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Go ravage, steal and plunder,

And you shall have the prey; They quickly will knock under

In North America.

The laws I have enacted

I never will revoke,
Although they are neglected,

My fury to provoke.
I will forbear to flatter,

I'll rule the mighty sway,
I'll take away the charter

From North America.

O George! you are distracted,

You'll by experience find The laws you have enacted

Are of the blackest kind. I'll make a short digression,

And tell you by the way, We fear not your oppression

In North America.

Our fathers were distressed,

While in their native land; By tyrants were oppressed

As we do understand; For freedom and religion

They were resolved to stray, And trace the desert regions

Of North America.

Heaven was their sole protector

While on the roaring tide, Kind fortune their director,

And Providence their guide. If I am not mistaken,

About the first of May, This voyage was undertaken

For North America.

If rightly I remember,

This country to explore, They landed in November

On Plymouth's desert shore. The savages were nettled,

With fear they fled away, So peaceably they settled

In North America,

We are their bold descendants,

For liberty we'll fight,
The claim to independence

We challenge as our right;
'Tis what kind Heaven gave us,

Who can take it away?
O, Heaven sure will save us

In North America.

We never will knock under,

O, George! we do not fear
The rattling of your thunder,

Nor lightning of your spear:
Though rebels you declare us,

We're strangers to dismay;
Therefore you cannot scare us

In North America.

To what you have commanded

We never will consent, Although your tooops are landed

Upon our continent; We'll take our swords and muskets,

And march in dread array, And drive the British red-coats

From North America.

We have a bold commander,

Who fears not sword or gun, The second Alexander,

His name is Washington. His men are all collected,

And ready for the fray, To fight they are directed

For North America.

We've Greene and Gates and Putnam

To manage in the field, A gallant train of footmen,

Who'd rather die than yield; A stately troop of horsemen

Trained in a martial way, For to augment our forces

In North America.

Proud George, you are engaged

All in a dirty cause,
A cruel war have waged

Repugnant to all laws.

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Success unto our allies

In Holland, France and Spain,
Who man their ships and galleys,

Our freedom to maintain;
May they subdue the rangers

Of proud Britannia,
And drive them from their anchors

In North America.

Success unto the Congress

Of these United States,
Who glory in the conquests

Of Washington and Gates;
To all, both land and seamen,

Who glory in the day
When we shall all be freemen

In North America.

Success to legislation,

That rules with gentle hand,
To trade and navigation

By water and by land.
May all with one opinion

Our wholesome laws obey,
Throughout this vast dominion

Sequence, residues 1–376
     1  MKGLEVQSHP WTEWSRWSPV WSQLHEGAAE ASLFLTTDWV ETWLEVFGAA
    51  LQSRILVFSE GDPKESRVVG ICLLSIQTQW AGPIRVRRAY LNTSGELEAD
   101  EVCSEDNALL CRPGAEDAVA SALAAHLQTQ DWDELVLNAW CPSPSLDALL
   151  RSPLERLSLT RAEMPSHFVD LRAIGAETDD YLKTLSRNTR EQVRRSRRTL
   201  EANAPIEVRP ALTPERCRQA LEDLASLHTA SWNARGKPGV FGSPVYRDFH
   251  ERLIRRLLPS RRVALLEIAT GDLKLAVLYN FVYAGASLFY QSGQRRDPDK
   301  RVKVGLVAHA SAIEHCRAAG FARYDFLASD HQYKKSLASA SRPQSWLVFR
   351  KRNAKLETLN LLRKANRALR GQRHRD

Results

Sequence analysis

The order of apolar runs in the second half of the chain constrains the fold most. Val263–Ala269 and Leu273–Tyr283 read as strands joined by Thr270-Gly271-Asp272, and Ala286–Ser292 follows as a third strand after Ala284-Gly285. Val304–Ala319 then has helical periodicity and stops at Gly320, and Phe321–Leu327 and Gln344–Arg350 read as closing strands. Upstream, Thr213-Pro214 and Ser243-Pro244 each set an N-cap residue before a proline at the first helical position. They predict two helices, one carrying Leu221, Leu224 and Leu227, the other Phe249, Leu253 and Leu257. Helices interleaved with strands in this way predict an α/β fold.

Of North America.

A NEW SONG.

[Published in the Pennsylvania Packet. 1773.]

AS

S near beauteous Boston lying,

On the gently swelling flood, Without jack or pendant flying,

Three ill fated tea-ships rode;

Just as glurious Sol was setting,

On the wharf a numerous crew, Sons of freedom fear forgetting,

Suddenly appeared in view.

Armed with hammers, axe and chisels,

Weapons new for warlike deed, Toward the herbage-freighted vessels

They approached with dreadful speed.

O'er their heads aloft in mid-sky,

Three bright angel forms were seen;
This was Hampden, that was Sidney,

With fair Liberty between.

“Soon,” they cried, “your foes you'll banish,

Soon the triumph shall be won;
Scarce shall setting Phæbus vanish

Ere the deathless deed be done."

Quick as thought the ships were boarded,

Hatches burst and chests displayed;
Axes, hammers, help afforded;

What a glorious crash they made.
Squash into the deep descended

Cursed weed of China's coast;
Thus at once our fears were ended;

British rights shall ne'er be lost.

Captains! once more hoist your streamers,

Spread your sails and plough the wave;
Tell your masters they were dreamers

When they thought to cheat the brave.

THE BALLAD OF NATHAN HALE.

[Moore's "Songs and Ballads of the American Revolution.” 1856.]

THE
THE breezes went steadily through the tall pines,

A-saying "oh! hu-ush!” a-saying "oh! hu-ush!" As stilly stole by a bold legion of horse,

For Hale in the bush, for Hale in the bush.

“Keep still!” said the thrush as she nestled her young,

In a nest by the road; in a nest by the road. “For the tyrants are near, and with them appear

What bodes us no good, what bodes us no good.”

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The brave captain heard it, and thought of his home

In a cot by the brook; in a cot by the brook. With mother and sister and memories dear,

He so gayly forsook; he so gayly forsook.

Cooling shades of the night were coming apace,

The tattoo had beat; the tattoo had beat.
The noble one sprang from his dark lurking-place,

To make his retreat; to make his retreat.

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